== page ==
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Button on pole as Brawn qualify one-two in Australia 28 Mar 2009

(L to R): Pole sitter Jenson Button (GBR) Brawn Grand Prix celebrates in parc ferme with his second placed team mate Rubens Barrichello (BRA) Brawn Grand Prix.
Formula One World Championship, Rd 1, Australian Grand Prix, Qualifying Day, Albert Park, Melbourne, Australia, Saturday, 28 March 2009 Jarno Trulli (ITA) Toyota TF109.
Formula One World Championship, Rd 1, Australian Grand Prix, Qualifying Day, Albert Park, Melbourne, Australia, Saturday, 28 March 2009 Lewis Hamilton (GBR) McLaren MP4/24.
Formula One World Championship, Rd 1, Australian Grand Prix, Qualifying Day, Albert Park, Melbourne, Australia, Saturday, 28 March 2009 Kazuki Nakajima (JPN) Williams FW31.
Formula One World Championship, Rd 1, Australian Grand Prix, Qualifying Day, Albert Park, Melbourne, Australia, Saturday, 28 March 2009

Jenson Button secured the fourth pole position of his suddenly revitalised Formula One career in Melbourne on Saturday afternoon, and with Brawn GP team mate Rubens Barrichello alongside him on the front row, spectating Virgin boss Sir Richard Branson could scarcely have got his investment in Ross Brawn’s squad off to a better start. It marked the first time a new team have started their first race from the front row since the Seventies.

Barrichello set the pace in the first two knock-out sessions, but Button got the pole with his lap of 1m 26.202s compared to the Brazilian’s 1m 26.505s. One of them has to have at least a lap less fuel, and you’d have to figure that is the Englishman. Barrichello did say that his car was less good on a heavier fuel load, when it developed understeer, whereas Button found his BGP001 better than it had been on low fuel.

The real surprise of Q3 was Sebastian Vettel’s jump up to third place for Red Bull, with a lap of 1m 26.830s. That might be due to a low fuel load, but it was an impressive performance nonetheless that pushed Robert Kubica and Nico Rosberg down to fourth and fifth places. The Pole took his BMW Sauber round in 1m 26.914s, the German his hitherto unbeatable Williams in 1m 26.973s. Right behind them was Timo Glock in the leading Toyota on 1m 26.975s. You can’t say that the times aren’t close in this new Formula One era.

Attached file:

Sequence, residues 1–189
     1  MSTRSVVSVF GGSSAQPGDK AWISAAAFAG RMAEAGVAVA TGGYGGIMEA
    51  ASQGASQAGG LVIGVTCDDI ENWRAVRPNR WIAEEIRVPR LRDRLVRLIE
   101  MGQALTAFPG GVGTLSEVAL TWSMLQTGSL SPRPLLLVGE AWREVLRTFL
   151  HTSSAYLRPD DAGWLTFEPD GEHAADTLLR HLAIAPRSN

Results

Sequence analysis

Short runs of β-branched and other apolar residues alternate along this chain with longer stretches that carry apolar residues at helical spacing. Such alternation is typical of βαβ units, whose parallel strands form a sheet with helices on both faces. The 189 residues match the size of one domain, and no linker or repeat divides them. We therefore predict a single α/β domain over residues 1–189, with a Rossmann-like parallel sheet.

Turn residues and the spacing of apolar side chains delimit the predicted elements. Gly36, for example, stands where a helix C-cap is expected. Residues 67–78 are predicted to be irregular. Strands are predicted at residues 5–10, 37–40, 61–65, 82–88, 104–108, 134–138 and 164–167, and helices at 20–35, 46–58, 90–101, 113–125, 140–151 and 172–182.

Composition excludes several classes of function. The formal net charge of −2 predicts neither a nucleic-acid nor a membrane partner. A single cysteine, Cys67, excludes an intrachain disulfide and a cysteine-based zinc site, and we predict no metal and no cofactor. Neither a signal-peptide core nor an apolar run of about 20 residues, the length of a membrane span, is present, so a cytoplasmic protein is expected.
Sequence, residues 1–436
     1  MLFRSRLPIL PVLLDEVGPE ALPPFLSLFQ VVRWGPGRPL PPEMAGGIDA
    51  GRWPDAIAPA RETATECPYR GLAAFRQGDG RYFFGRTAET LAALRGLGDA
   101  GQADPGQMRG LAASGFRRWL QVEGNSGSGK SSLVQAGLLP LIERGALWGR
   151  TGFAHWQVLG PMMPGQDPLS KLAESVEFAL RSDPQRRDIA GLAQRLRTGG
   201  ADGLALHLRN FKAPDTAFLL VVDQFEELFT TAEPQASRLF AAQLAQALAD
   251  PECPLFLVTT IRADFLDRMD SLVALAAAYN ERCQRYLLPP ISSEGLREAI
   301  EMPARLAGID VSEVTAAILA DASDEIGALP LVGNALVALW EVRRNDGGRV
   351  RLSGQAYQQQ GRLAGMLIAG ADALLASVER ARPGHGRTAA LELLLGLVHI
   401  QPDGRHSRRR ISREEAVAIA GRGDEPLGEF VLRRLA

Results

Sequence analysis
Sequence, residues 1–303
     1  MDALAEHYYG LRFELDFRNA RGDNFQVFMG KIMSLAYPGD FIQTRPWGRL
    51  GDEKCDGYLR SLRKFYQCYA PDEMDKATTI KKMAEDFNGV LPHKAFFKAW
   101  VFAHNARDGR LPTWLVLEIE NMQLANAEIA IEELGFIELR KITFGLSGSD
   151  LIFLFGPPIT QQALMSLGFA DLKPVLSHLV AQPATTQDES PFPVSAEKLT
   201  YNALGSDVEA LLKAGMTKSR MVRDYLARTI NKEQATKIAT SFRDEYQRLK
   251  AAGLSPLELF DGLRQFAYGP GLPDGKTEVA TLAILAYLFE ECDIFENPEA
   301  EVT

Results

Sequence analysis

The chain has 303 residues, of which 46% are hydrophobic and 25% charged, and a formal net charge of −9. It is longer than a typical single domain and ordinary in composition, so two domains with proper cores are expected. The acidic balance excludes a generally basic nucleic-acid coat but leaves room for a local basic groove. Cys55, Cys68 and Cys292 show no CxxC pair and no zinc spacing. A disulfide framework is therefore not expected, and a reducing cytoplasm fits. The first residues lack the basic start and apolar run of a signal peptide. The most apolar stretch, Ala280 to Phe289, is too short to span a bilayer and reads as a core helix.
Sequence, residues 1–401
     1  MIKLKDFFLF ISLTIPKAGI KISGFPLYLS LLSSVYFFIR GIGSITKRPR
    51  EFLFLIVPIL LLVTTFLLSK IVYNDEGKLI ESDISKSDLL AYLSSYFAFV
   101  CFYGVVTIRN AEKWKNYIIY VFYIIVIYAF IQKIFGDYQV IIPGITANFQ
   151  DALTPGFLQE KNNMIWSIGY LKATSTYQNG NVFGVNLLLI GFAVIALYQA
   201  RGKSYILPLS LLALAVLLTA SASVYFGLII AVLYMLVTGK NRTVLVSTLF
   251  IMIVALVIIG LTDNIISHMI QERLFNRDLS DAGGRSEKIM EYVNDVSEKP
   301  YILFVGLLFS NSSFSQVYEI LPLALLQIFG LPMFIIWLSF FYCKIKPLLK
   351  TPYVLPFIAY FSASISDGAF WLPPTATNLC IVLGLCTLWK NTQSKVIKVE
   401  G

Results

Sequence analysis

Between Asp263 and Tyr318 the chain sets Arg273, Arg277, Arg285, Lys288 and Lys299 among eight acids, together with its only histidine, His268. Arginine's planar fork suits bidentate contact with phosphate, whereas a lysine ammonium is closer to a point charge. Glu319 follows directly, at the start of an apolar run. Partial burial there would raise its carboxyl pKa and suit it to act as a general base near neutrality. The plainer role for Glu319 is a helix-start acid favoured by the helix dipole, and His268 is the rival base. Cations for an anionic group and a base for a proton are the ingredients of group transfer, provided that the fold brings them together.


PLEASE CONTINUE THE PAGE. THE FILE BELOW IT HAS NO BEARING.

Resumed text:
Felipe Massa was the better placed Ferrari driver, in seventh on 1m 27.033s, followed by Jarno Trulli in the second Toyota on 1m 27.127s, team mate Kimi Raikkonen on 1m 27.163s and Red Bull's Mark Webber on 1m 27.246s. The fuel strategies will be fascinating to monitor tomorrow, as some may even be on three-stop strategies instead of the usual two.

Q2 had weeded out Nick Heidfeld, who lapped his BMW Sauber in 1m 25.504s, Fernando Alonso’s Renault on 1m 25.605s, Kazuki Nakajima’s Williams - a surprise after his Q1 performance - on 1m 25.607s, and the McLarens.

The silver arrows had not expected too much here, and their worst fears were realised when Heikki Kovalainen managed only 1m 25.726s for 14th. Lewis Hamilton didn’t even run in Q2 because of a gearbox problem on his MP4-24, which he had taken to the 15th best time in Q1.

Sebastien Buemi did a good job on his debut to take 16th with 1m 26.503s, out-pacing Toro Rosso team mate Sebastien Bourdais who was 20th on 1m 26.964s. Between them came Nelson Piquet in his Renault on 1m 26.598s, and the Force €ndias. Giancarlo Fisichella reversed the practice trend by acing team mate Adrian Sutil, 1m 26.677s to 1m 26.742s.

Thus the first grid of the new season sees a distinctly different look to Formula One, with many faces in unusual places. And the biggest question now is can Brawn really win their first Grand Prix, first time out?